Best Regards,

Ben

Find a local astronomy club (shouldn't be hard in Penn.) and go out with them.  Actual hands on experience will be worth far more than anything else at this point.  And you will be able to work with experienced folks, ask questions, and use various types of equipment.  This will keep you from blindly buying more equipment in the hopes you'll have better luck.  In fact, you may find that what you have will work fine once you get some experienced help.  Much better option than trying to muddle through on your own.


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#8 scadvice

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Posted 26 May 2019 - 12:35 PM

HEQ-5-Pro (about $1200)

NEQ-6 (Not made anymore I understand)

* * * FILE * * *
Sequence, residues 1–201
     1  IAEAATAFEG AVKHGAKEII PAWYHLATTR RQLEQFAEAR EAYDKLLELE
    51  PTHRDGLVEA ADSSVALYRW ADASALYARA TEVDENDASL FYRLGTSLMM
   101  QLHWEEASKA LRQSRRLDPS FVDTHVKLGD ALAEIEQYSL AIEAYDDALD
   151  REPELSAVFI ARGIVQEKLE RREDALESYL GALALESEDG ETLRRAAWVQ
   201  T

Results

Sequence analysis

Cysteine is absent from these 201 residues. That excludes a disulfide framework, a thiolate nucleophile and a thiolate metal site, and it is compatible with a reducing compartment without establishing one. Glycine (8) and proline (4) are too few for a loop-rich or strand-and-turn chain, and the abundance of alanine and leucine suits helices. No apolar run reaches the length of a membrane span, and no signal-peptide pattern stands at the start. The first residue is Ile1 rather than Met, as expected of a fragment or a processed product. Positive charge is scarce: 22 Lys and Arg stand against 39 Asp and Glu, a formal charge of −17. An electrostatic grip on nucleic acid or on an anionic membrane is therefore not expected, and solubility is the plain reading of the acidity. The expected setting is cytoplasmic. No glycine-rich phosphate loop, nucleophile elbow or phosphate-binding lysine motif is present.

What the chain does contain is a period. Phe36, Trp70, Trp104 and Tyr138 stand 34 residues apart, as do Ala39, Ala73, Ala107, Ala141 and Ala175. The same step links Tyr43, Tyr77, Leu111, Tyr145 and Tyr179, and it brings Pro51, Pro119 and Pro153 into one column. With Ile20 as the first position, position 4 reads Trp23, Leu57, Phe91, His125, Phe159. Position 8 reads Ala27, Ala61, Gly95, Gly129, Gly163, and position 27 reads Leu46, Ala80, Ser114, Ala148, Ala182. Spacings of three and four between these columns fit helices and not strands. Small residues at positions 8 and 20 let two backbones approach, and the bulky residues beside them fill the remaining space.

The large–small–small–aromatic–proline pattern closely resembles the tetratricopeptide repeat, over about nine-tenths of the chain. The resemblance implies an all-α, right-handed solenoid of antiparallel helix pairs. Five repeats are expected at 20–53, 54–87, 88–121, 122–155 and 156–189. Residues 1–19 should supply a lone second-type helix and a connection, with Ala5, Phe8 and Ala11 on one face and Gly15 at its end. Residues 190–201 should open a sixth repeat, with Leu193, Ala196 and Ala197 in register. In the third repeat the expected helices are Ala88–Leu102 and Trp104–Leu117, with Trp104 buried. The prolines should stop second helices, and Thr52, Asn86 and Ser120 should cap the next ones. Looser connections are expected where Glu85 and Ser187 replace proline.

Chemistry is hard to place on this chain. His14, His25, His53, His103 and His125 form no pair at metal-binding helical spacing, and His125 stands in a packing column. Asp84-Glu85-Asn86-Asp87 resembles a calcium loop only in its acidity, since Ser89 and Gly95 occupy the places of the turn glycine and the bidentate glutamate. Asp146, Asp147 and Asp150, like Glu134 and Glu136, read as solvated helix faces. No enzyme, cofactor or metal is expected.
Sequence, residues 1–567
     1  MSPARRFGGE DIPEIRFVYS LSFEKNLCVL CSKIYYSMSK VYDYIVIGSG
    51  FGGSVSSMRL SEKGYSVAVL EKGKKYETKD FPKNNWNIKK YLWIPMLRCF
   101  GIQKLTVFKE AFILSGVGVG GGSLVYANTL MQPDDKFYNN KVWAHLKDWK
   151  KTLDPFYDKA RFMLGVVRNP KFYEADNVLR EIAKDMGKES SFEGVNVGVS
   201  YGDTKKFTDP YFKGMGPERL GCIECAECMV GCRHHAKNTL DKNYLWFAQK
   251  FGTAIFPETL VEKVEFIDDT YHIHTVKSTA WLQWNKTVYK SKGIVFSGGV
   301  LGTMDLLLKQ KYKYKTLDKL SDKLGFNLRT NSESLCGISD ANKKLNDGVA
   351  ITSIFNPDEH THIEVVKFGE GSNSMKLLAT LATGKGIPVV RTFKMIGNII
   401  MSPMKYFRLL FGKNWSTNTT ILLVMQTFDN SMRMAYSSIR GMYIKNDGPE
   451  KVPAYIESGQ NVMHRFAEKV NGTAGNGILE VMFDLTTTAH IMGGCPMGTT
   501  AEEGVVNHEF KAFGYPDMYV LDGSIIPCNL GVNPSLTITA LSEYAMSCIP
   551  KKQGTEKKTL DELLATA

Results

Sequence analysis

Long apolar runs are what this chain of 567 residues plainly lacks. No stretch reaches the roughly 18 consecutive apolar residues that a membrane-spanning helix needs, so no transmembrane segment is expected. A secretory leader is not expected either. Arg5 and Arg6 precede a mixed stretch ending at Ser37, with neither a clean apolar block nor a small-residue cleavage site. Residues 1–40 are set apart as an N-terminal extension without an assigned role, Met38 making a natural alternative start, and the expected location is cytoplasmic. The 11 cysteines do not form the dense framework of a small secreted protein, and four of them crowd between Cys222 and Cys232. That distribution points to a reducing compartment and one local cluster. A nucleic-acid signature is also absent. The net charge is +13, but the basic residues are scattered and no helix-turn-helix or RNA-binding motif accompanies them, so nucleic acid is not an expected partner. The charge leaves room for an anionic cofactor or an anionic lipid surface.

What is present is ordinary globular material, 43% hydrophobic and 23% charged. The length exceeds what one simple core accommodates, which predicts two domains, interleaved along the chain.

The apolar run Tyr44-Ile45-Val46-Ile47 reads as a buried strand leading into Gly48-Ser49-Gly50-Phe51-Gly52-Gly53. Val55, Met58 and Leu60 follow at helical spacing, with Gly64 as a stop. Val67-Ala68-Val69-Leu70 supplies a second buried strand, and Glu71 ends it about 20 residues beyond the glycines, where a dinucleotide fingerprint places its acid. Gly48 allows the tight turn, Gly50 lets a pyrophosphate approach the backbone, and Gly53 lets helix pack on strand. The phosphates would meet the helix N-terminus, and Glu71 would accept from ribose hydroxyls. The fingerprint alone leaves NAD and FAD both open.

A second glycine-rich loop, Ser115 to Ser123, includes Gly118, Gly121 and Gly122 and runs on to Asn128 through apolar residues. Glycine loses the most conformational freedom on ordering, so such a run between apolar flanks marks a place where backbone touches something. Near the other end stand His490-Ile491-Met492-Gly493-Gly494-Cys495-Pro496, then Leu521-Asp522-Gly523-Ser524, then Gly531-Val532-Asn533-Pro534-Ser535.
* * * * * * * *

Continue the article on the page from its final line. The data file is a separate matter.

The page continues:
iOptron CEM25P (about $900)

EQ6-R-Pro (about $1500)*

iOptron CEM60 (about $2600)*

iOptronCEM40 (about $2400)

 

I own or owned the bold typed iOptron mounts. I know people who have the underlined ones. IMO- All are safe bets. The iOptron cem25p is the least expensive and has a  maximum pay load of 27lbs. When I had mine I had the 2" TriPod. That adds about 100 bucks. I now have a CEM60.

 

I'm sure there are some others but I don't know enough about them to suggest. 

 

One thing to keep in mind when reading about mounts and especially about people having trouble with them... first, most sold have no problems. So you don't hear about 90% of them. Of the 10% you do hear about, it is operator error...not understanding how to use...or just plain unreasonable expectations. Maybe 10% of those have real problems.

 

Most of us have personal preferences. Mine are iOptron and Astro Physics. I can't afford Astro Physics so I have iOptron mounts. I have this thing about Celestron products so I don't buy them. It is my own hang up and doesn't mean there is anything wrong with the mounts. 

 

One last note in reference to your comment about the ES127 in your possible future. Consider only the ones I listed with a (*)

As Bobzeq25 said the others can carry the weight it's just they would most likely not be acceptable for astro photography in the long run.